FIG. 5 shows an alaternate embodiment in which the plate 10 is mounted on a vertical support surface 12 and only one tilting moment acts on the plate 10, this tilting moment being caused by the weight of an article mounted on the plate 10.
In this embodiment, a plurality of joining points disposed on the horizontal mirror-symmetry axis 46 of the pad 18 can be are provided between the plate 10 and the pad 18.
If the tilting moment caused by gravity acts on the plate 10 in this embodiment, a tilting moment is developed around the lower horizontal edge of the plate 10. This tilting moment causes a tensile force that acts on the pad 18 along the mirror-symmetry axis 46. Since the pad 18 is areally centered with respect to this mirror-symmetry axis 46, even this tensile force generates only a lifting force perpendicular to the support surface 12.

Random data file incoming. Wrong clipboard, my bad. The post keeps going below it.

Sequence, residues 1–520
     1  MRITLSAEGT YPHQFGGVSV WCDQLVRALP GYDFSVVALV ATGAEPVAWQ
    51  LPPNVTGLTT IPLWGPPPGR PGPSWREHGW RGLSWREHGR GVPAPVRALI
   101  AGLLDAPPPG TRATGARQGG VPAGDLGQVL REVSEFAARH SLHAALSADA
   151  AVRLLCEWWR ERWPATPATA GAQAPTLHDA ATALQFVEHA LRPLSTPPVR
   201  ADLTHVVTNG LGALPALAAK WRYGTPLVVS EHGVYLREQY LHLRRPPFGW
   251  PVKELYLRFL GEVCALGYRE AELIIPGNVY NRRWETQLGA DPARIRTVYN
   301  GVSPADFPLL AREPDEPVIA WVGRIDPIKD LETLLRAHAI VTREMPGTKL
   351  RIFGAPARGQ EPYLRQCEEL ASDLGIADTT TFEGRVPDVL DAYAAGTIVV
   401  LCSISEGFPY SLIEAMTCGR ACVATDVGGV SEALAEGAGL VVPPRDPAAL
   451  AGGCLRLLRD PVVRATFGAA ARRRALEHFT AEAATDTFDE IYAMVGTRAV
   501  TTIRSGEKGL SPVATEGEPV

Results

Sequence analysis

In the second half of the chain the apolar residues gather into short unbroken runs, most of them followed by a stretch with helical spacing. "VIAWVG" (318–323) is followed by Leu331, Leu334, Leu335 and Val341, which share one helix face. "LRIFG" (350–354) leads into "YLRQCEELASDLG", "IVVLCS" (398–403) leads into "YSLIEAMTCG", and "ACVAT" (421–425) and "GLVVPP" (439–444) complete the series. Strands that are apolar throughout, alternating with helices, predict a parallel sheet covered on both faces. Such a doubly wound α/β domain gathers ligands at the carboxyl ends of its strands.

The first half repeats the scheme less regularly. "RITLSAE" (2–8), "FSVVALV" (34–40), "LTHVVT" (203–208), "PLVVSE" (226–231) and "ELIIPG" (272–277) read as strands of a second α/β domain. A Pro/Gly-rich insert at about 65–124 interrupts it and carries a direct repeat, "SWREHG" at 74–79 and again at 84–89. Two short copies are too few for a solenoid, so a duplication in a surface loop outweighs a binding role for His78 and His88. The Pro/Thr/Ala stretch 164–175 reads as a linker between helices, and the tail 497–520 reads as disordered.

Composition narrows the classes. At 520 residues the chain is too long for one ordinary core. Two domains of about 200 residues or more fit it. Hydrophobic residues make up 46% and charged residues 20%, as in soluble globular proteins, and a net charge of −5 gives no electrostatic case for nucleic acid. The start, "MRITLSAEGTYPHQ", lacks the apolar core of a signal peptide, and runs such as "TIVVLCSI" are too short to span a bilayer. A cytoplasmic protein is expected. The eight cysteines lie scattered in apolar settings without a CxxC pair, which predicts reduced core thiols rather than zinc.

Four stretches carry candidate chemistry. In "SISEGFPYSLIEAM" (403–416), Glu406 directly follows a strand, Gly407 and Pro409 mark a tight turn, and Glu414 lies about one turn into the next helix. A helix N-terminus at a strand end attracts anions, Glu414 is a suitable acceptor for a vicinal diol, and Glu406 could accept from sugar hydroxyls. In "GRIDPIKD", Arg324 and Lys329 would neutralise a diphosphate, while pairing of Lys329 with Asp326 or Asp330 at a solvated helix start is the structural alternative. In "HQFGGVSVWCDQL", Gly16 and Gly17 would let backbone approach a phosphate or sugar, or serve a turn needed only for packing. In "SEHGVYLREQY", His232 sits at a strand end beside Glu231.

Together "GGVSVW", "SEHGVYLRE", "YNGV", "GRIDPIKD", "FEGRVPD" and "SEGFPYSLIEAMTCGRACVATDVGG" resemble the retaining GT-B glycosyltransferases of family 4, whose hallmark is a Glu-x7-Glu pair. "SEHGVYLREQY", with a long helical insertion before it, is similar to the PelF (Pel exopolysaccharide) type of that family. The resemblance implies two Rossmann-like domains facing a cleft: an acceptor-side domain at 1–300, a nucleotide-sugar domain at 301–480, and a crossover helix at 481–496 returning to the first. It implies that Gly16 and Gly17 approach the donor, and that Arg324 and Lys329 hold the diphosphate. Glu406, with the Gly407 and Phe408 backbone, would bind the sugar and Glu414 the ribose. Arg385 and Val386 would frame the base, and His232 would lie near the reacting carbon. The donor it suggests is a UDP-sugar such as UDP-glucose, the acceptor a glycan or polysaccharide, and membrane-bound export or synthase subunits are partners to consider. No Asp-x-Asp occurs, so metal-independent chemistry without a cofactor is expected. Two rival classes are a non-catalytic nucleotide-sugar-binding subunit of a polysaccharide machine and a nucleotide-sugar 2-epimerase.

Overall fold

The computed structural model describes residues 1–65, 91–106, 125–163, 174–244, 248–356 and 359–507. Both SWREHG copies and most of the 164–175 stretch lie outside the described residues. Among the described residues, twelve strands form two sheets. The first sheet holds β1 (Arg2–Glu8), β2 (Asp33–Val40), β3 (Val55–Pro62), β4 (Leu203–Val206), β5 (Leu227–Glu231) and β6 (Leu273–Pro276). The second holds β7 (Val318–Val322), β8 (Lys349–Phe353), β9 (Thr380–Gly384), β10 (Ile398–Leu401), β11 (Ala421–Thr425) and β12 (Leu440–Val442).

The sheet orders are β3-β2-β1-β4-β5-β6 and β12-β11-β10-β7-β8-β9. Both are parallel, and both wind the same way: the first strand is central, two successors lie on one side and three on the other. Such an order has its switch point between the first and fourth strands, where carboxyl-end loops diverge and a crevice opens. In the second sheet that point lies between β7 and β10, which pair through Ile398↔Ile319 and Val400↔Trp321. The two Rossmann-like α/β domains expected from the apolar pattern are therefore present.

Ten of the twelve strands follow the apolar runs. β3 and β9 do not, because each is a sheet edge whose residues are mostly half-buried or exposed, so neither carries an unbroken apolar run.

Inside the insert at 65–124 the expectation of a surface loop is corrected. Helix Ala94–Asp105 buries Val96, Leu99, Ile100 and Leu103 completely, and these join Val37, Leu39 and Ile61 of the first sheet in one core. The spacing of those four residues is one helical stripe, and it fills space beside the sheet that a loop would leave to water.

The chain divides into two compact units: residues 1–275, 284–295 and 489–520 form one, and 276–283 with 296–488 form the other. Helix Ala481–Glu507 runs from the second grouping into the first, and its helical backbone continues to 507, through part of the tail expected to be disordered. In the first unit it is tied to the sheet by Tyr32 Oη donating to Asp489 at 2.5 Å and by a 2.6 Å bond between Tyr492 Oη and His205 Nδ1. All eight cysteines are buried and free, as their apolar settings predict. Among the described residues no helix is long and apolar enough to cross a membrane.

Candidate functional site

This embodiment, which otherwise is identical to the embodiment of FIGS. 1 to 4, obviously does not have the advantageous high bonding resistance to tilting moments acting in the direction of the mirror-symmetry axis 46.
FIGS. 6 and 7 illustrate how the support according to the invention is used to attach a vertical support post 8 for a raised work stand, a monitor holder, a desk lamp, a telephone arm of the like as retrofitted and removable items on a horizontal furniture surface. The support post 8, which is preferably a metal tube, for example, is provided at its bottom end with the rigid plate 10, which will be fixed in the manner described above on the furniture surface forming the support surface 12.